We are uniquely able to combine and tailor these varied technologies into optimized process flows for creating transistors, optical and microfluidics structures, opto-electrical devices, and more. This helps our industry partners to quickly realize applications in domains as diverse as displays, medical imaging and bioelectronics.
Spatial ALD is a novel variant of the familiar atomic layer deposition (ALD) technology. It offers the same precise control and uniformity of film composition and thickness as traditional ALD, but at much higher deposition rates – around 1 nm/s. Moreover, sALD is an atmospheric pressure process and does not require costly vacuum equipment.
Holst Centre has successfully upscaled sALD to large areas in sheet-to-sheet and roll-to-roll equipment, and can achieve highly uniform layers even for structures with an extreme aspect ratio. The technology is ready to be integrated into commercial production of e.g. thin-film solid-state batteries, optical stacks, thin-film photovoltaics and semiconductor and dielectric layer stacks for a host of large-area applications.
Schematic view of the roll-to-roll spatial ALD concept. A polymer foil is transported around a drum that houses injector slits (blue and red) for the reactive precursors, separated by inert gas (green). By moving both the web and the drum, a thin ALD-coating is applied on the polymer foil at high rate.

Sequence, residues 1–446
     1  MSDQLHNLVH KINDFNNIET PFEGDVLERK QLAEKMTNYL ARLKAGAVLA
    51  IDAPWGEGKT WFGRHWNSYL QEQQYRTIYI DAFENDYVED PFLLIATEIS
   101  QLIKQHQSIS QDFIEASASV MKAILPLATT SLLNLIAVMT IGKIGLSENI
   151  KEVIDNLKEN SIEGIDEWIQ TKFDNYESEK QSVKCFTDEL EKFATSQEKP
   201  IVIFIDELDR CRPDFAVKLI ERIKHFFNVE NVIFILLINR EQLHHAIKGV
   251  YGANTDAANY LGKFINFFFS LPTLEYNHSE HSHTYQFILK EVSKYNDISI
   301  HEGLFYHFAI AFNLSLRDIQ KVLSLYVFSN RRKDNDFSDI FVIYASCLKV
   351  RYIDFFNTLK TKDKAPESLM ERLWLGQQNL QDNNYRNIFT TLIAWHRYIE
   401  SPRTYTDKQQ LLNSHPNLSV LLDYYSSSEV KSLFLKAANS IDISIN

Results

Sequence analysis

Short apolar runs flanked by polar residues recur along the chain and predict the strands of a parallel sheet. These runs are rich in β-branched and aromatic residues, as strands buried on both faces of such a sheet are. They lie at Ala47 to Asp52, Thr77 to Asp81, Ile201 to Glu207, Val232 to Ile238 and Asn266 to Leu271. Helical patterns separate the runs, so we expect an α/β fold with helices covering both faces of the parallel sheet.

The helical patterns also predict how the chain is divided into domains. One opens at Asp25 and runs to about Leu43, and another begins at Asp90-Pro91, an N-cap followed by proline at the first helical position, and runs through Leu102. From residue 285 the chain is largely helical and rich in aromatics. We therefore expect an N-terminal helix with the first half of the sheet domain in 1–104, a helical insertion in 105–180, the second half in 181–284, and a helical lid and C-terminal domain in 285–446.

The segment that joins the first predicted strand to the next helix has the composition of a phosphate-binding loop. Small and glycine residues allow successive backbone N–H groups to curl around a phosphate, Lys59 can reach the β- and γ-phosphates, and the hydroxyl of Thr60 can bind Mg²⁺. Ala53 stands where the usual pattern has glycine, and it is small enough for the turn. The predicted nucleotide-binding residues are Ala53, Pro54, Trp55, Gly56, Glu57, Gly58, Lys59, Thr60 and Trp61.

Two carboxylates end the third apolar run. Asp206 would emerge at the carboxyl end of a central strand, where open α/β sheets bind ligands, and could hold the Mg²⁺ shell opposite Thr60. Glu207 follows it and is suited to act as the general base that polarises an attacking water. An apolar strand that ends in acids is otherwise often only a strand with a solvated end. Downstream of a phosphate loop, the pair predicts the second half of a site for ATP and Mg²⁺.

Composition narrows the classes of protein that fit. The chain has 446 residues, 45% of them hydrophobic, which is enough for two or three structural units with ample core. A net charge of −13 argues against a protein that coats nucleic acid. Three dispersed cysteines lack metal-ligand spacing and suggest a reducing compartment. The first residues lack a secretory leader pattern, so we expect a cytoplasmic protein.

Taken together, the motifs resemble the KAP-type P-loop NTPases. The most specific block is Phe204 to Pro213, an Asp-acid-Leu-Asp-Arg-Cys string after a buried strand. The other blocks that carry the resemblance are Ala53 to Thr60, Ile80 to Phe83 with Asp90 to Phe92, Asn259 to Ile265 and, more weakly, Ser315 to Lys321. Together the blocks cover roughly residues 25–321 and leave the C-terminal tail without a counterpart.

Holst Centre has long set the pace in the development of oxide and organic thin-film transistors (TFTs) for displays, imagers and many other applications. We continue to push TFT performance forward, for example by using sALD for semiconductor and dielectric layers. This allows high-mobility semiconductors to be created at process temperatures below 200°C – ideal for applications on low-cost PEN foils. We are also pioneering new materials such as p-type oxide semiconductors, which could pave the way towards CMOS-style TFT applications.
Large-area electronics applications can be highly susceptible to environmental conditions such as humidity. This makes thin-film encapsulation essential for durable and robust flexible solutions.
With over a decade of experience in developing thin-film barrier layers, Holst Centre is a one-stop shop for encapsulation. We started out with the development of high-performance barriers for the most demanding applications, OLEDs, where we achieved lifespans equivalent to 25 years of normal use. We now use that expertise to create a variety of barrier options, tailored to the performance and cost requirements of specific applications. A bending radius down to 1 mm has been demonstrated for a full product. Our accelerated reliability testing helps speed up the qualification of new systems.
Creating 3D structures within thin-film (2D-)stacks is essential for applications from lighting and batteries to bioelectronics and TFT backplanes. Holst Centre is exploring new ways of patterning thin films that can be deployed within roll-to-roll production. With a moving substrate, multi-level alignment is a huge challenge. Nano-imprint lithography solves the challenge by transferring the entire structure in one step: all alignment is done when creating the imprint master. This enables the reliable production of complicated structures with very high aspect ratios in high-volume manufacturing. In turn, this opens the door to integrating optical and microfluidic features directly on an active electronics backplane.